While the trailer makes Carell’s top-billing clear, the other above-the-title names make Crazy, Stupid, Love seem like an even wiser choice for an actor who thrives in ensemble pieces. Just about every demographic is covered by the film’s four stars. Carell brings the Office crowd who loves Jim and Pam just as much as Michael. Julianne Moore lends respectability and Oscar cred to an otherwise youth-oriented cast. Speaking of, the enticing coupling of Ryan Gosling and Emma Stone should prove irresistible for the cinema-savvy 18-49 group. Throw in a few extra fans paying for the cast’s respective sex appeal and Carell’s production company, Carousel Productions, should expect a $20 million-plus opening weekend.


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Monday, Feb 7, 2011
Hollywood's latest examples of overreaching hype finally hit the biggest athletic event of the year. Were they a "YEAH!"...or yawn?

After a couple of years of coping to economic and creative woes, Hollywood has reinvested in the Super Bowl in a mighty, mighty way. The 2011 installment of the annual football fever dream saw a dramatic increase in both actual ads (14…and perhaps more) and numerous tie-ins (why else would the Fox TV cameras “accidentally” pick out certain celebrities, only to have the announcers name-check their latest upcoming release???). Along with promised promotions that either didn’t pan out (critics got a Drive Angry 3D ad in their inbox, but as far as any could tell, the spot didn’t make the “show”...did it?) or were there, pre-game, without warning (really, Limitless?), we got numerous peaks at the upcoming Summer Movie season. While star studded both in casting and in clout, the jury remains deadlocked on more than a few of these films. Still, Tinseltown tried to give us its best product pitch, and for the most part, they delivered.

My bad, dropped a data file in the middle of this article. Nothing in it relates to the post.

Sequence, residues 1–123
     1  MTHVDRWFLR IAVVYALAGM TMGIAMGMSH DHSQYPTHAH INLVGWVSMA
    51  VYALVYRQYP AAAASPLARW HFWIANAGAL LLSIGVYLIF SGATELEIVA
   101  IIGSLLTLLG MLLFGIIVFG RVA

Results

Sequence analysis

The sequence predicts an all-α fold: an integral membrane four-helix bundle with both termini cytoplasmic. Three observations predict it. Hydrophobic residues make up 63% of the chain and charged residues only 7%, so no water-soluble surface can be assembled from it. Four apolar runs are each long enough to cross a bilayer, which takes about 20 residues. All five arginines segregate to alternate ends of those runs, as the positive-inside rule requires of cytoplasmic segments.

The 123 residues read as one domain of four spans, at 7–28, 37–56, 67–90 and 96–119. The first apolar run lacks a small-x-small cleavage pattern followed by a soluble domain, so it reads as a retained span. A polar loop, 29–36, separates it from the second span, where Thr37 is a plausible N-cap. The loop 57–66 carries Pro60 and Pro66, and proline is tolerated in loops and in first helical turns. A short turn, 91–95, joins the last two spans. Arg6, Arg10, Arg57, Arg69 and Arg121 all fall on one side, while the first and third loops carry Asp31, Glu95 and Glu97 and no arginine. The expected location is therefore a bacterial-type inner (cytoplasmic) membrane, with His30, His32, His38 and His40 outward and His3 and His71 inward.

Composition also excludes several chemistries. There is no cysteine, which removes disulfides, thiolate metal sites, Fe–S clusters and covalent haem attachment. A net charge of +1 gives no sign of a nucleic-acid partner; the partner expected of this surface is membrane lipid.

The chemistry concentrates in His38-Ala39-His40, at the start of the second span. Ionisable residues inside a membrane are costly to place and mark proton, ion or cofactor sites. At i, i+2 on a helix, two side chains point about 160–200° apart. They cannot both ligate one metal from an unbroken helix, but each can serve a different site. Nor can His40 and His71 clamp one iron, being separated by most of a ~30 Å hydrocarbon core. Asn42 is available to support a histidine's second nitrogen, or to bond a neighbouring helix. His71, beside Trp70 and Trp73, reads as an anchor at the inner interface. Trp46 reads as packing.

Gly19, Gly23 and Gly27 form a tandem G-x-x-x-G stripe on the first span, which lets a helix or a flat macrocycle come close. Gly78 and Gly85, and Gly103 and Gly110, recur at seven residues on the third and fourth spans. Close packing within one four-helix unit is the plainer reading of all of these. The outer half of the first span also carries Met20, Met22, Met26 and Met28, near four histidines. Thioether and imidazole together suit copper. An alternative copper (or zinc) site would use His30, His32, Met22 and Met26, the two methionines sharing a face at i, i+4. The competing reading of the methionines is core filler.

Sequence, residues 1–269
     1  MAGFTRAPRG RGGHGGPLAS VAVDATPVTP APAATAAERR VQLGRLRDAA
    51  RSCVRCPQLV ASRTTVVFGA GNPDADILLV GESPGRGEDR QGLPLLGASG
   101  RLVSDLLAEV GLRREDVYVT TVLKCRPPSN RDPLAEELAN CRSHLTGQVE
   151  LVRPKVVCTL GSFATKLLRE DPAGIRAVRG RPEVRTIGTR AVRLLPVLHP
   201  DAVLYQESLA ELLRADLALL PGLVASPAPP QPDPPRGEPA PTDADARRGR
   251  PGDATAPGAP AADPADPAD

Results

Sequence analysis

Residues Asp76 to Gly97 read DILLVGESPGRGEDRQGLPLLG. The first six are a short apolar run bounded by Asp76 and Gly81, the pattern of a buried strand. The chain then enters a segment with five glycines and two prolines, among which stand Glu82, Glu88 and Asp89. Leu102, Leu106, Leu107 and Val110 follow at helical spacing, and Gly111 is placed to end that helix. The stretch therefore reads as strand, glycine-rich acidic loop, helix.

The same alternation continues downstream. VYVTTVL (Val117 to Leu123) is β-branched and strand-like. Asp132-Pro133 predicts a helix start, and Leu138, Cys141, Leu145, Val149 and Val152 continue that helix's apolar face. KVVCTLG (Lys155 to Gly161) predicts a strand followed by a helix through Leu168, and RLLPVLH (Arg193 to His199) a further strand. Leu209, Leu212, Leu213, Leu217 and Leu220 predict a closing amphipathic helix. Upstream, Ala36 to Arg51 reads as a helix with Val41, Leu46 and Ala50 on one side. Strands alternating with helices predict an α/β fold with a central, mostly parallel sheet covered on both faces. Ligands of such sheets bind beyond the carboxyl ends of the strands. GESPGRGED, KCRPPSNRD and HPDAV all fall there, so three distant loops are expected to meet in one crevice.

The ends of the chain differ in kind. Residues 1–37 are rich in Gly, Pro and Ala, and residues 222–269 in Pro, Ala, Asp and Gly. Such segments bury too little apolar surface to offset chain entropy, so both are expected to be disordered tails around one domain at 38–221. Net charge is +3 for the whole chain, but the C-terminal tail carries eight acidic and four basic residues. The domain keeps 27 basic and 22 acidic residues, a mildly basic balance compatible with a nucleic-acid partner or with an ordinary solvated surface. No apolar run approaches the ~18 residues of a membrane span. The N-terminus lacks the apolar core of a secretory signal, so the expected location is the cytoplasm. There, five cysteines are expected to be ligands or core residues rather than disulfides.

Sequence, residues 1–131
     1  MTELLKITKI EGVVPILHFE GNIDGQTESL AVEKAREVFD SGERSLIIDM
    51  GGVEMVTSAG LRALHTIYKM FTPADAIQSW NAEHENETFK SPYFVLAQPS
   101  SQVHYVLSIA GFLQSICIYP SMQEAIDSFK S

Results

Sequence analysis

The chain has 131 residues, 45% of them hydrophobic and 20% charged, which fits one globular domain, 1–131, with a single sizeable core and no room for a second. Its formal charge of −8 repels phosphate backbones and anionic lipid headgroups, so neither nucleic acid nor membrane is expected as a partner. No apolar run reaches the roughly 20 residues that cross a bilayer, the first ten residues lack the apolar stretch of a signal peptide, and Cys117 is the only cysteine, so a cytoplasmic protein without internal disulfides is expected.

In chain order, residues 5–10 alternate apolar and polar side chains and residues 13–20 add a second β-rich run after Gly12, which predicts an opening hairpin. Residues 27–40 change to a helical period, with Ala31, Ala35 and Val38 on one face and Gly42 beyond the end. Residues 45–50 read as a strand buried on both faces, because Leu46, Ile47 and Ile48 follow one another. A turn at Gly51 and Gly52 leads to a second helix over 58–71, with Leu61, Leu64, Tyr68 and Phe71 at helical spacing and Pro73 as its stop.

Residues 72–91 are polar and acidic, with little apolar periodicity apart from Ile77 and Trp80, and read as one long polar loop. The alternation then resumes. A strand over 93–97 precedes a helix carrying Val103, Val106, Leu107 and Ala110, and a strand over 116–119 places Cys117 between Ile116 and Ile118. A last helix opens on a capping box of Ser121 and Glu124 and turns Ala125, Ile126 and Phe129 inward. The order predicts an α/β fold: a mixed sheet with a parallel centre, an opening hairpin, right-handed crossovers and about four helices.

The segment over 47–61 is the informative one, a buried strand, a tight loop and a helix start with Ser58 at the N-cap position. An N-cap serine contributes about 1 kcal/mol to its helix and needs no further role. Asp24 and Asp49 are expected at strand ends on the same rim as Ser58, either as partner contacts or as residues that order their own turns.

So amongst the pretend Vaders and magic Doritos dust, numerous dull car commercials and occasional WTF moments (Joan Rivers for GoDaddy.com…huh?), we got 14 celluloid sneak peeks. While few ventured far from their already established pitch, a couple came with some substantive surprises. So, in no particular order, here are the 2011 offerings, beginning with one of the year’s most hotly anticipated:


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Wednesday, Sep 15, 2010
Through a kind of final detachment from any intended lexical meaning, fake cursing can constitute a natural progression of a word meaning very little to one indicating only emotional residue.

Oftentimes artists use a baseline of existing superficiality to make larger points. Lady Gaga’s dance-pop songs, for instance, are effective as music, and also as an interesting critique of the superficiality inherent to the genre. Comedians like Sacha Baron Cohen, Sarah Silverman, and Chris Rock have effectively appropriated racial stereotypes, both expanding upon their stilted thought processes and lampooning them as a means to containment.


The use of profanity in movie dialogue also works with a baseline of superficiality, as cursing is meant in cinema to superficially distinguish along class lines or difference of cultural or moral standards, this somewhat parallel to the use of accents in film, as well as provide a certain transgressive emphasis within those designations of difference. Of course, cursing is used most effectively in playing against such stereotypes, as when a character employs the emphasis of a curse without following through to say the actual word. Words like “frick” and “shoot” allude to curse words through likeness of sound; others like “crap” have the same meaning as the more typical bad words. This second type of fake cursing is a bit like spelling “W-A-L-K” in front of a dog, where one wants the meaning of a word without any of the heightened emotion attached.